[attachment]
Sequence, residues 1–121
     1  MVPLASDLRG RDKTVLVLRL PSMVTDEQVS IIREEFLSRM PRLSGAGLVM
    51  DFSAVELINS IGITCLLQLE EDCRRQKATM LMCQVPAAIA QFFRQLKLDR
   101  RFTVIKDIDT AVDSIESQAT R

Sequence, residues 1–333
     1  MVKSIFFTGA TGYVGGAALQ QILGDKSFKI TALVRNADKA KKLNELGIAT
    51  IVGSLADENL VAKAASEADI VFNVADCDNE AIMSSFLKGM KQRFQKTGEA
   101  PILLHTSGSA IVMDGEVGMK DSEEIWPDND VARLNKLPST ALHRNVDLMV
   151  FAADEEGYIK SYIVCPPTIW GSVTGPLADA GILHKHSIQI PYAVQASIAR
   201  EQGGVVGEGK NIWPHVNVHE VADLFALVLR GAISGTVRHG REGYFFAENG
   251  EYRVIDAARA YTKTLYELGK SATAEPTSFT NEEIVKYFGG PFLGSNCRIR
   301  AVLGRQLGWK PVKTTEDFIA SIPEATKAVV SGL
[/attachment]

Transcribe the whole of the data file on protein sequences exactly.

Sequence, residues 1–121
     1  MVPLASDLRG RDKTVLVLRL PSMVTDEQVS IIREEFLSRM PRLSGAGLVM
    51  DFSAVELINS IGITCLLQLE EDCRRQKATM LMCQVPAAIA QFFRQLKLDR
   101  RFTVIKDIDT AVDSIESQAT R

Sequence, residues 1–333
     1  MVKSIFFTGA TGYVGGAALQ QILGDKSFKI TALVRNADKA KKLNELGIAT
    51  IVGSLADENL VAKAASEADI VFNVADCDNE AIMSSFLKGM KQRFQKTGEA
   101  PILLHTSGSA IVMDGEVGMK DSEEIWPDND VARLNKLPST ALHRNVDLMV
   151  FAADEEGYIK SYIVCPPTIW GSVTGPLADA GILHKHSIQI PYAVQASIAR
   201  EQGGVVGEGK NIWPHVNVHE VADLFALVLR GAISGTVRHG REGYFFAENG
   251  EYRVIDAARA YTKTLYELGK SATAEPTSFT NEEIVKYFGG PFLGSNCRIR
   301  AVLGRQLGWK PVKTTEDFIA SIPEATKAVV SGL